Since the 1995 war, the two sides have adopted radically different lessons learned from the climactic battle over central Java. For the Commonwealth, especially Australia, the biggest was all-weather, high-altitude attack capability. From a military perspective, going flat-out even after taking casualties to AAA was essential to neutralizing the threat to the Commonwealth navy. Yet this would not always be a luxury they could afford, so the acquisition of JDAM-style munitions was an absolute must.

For Indonesia, the choice was harder. They chose land-based high-altitude SAMs. There was a practical reason for this-to counter an enemy that can fly at high altitude and hit targets accurately, you need obvious defenses. But there’s also politics. Despite being an archipelago, the Indonesian Army has historically been by far the  most politically influential branch of the nation’s military-a situation compounded by it remaining intact and suffering relatively few casualties, while the air force and navy were shattered.

So a system that it could control appealed to the Army brass, which is why the major cities now boast S-300s protecting them. To the extent that they fit into a cart-before-the-horse strategy, it’s to inflict unacceptable losses on Australian attackers. Only now the threat comes from the PLAAF attacking from the north instead of Australia attacking from the south.

The TNI-AU has been rebuilt with a handful of modern fighters, while the navy has become a Philippines-esque shriveled wreck.

With relations improved to the point where a 20th anniversary commemoration was handled exceptionally well by both nations, it remains unclear whether the upgraded arsenals will clash again. But the Australians are getting ahead of the curve, acquiring standoff weapons to defeat the horizon-limited SAMs…




The Perspective That Destroyed The Technothriller

So, I have an additional theory about the technothriller’s fall. It’s not on the central level that Nader Elhefnawy argued (the fall of the USSR took away the biggest immediate driver), or my own speculation (high technology weapons became so common that they ceased being ‘new and exciting’). This is secondary to those.

The theory is that of a precedent that made it (even) harder to continue the thriller in its post-1991 climate. This is, for lack of a better term, the “high level focus”.

As Elhefnawy describes it:

“Rather than having his protagonist Jack Ryan conveniently turning up in the right place at the right time, every time, so as to dominate the narrative, the story’s action is widely diffused among a large number of organizationally and geographically dispersed viewpoint characters. (11) This includes a large number of minor ones, whose sole connection to one another is their playing some small part in the evolution of a common crisis; and whose sole function in the story is to provide a higher-resolution view of some particularly interesting bit of the larger situation.”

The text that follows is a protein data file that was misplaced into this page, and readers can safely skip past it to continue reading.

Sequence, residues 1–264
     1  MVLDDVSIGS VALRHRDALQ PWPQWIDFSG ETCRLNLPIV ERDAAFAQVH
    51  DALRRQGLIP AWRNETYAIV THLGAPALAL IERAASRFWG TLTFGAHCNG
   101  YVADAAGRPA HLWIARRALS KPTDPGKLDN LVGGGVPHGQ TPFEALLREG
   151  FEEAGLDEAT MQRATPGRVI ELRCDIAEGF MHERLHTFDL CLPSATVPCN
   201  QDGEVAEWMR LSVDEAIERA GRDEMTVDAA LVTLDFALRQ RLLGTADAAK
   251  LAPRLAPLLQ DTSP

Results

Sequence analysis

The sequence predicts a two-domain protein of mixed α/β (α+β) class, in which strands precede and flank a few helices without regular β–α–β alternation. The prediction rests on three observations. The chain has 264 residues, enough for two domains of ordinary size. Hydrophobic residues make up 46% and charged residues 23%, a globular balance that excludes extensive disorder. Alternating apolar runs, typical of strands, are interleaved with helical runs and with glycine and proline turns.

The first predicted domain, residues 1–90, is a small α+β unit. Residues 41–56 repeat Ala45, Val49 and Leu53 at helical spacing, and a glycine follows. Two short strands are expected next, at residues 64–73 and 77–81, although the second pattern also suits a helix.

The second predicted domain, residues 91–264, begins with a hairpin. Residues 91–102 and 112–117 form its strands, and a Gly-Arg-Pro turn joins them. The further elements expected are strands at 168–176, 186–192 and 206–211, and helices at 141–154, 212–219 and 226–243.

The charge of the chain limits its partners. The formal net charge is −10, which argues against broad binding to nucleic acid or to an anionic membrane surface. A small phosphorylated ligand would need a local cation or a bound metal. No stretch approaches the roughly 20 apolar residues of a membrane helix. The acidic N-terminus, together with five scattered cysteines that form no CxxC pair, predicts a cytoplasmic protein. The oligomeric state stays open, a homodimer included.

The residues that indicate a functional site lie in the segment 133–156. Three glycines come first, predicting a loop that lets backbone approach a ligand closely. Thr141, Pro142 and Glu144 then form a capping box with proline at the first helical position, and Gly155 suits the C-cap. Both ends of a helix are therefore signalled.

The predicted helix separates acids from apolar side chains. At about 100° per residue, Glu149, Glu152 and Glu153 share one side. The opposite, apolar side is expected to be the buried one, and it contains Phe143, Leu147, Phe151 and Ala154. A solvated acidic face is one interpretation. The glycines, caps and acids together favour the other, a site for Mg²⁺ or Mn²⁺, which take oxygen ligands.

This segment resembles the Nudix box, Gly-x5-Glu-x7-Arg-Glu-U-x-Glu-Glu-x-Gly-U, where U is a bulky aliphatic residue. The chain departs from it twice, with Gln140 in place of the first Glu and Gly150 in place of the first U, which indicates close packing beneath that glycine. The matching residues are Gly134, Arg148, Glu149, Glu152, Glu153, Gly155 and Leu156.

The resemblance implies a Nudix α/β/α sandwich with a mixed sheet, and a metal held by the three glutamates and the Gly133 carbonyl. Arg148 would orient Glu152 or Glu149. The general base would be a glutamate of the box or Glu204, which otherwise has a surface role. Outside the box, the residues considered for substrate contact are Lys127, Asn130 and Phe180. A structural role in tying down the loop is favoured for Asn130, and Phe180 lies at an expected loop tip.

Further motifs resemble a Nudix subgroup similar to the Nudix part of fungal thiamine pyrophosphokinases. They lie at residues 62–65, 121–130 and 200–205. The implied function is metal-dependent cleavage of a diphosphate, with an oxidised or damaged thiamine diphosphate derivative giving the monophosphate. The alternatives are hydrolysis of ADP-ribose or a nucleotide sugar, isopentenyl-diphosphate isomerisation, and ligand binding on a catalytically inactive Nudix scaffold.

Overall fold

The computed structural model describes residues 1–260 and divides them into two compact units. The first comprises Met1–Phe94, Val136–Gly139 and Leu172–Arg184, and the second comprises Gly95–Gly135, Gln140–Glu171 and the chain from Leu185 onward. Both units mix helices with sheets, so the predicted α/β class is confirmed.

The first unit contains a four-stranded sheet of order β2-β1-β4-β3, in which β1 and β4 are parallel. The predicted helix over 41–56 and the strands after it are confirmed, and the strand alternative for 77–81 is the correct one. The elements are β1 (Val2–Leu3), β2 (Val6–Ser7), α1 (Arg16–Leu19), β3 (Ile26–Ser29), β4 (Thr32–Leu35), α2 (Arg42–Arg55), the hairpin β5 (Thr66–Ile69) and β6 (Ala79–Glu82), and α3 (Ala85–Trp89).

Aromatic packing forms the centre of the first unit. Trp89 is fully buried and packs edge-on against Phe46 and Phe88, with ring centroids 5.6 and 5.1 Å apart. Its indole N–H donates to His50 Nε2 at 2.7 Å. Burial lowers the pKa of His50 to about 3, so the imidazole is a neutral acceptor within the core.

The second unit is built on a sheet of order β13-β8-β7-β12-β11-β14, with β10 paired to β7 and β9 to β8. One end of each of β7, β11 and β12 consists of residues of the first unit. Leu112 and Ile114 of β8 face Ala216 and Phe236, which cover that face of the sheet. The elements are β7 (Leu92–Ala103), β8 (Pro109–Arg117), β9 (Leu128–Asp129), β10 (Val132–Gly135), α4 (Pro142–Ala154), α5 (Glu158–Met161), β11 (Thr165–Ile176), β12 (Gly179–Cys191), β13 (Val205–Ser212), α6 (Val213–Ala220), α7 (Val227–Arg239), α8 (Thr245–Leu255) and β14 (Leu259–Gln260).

A lot of technothrillers would adopt this high-level focus. While I understand the reasoning behind it, I’ve found that more often than not, it’s detrimental. If I had to describe why, the two biggest reasons would be:

-The perspective-hopping gets in the way of a continual flow, turning it into a “this happened, then this happened, then this happened…” clunker.

-The large number of characters and plots make it harder to develop any specific one in detail.

Those are general critiques that could apply to any genre. Where I think the high-level focus amplifies the problem with the technothriller in general, and the post-1991 one in particular is:

-Going into a genre the author isn’t the best at writing. I’m especially thinking politics here, where it became an increasingly tinny “Stupid politicians getting in our way” at worst and flat at best.

-Most crucially, in terms of threat to the main characters. If there’s a low-level focus and all you need to do is write a challenge to the individuals, that’s fairly easy regardless of how ineffective the threat as a whole is. A single SA-2 battery to a fighter plane, whatever the on-paper threat, is still a guided telephone pole-sized explosive heading straight for it. If on the other hand, one has to go all the way up the chain of command, it becomes harder to present a force with obsolescent equipment as a true threat. And since the conventional threats got harder to find after the Gulf War and fall of the USSR…

This is not to say that a high-level focus can’t be done well, or that a low-level one can’t be done poorly. However, I’ve found low-level works that aren’t the best quality to still be fun (and not in a so-bad-its-good way) that bad high-level ones aren’t.

Before I finish, I should give a recommendation/example: Raven One is a largely low-level work that, while not award-winning, is still a good military thriller.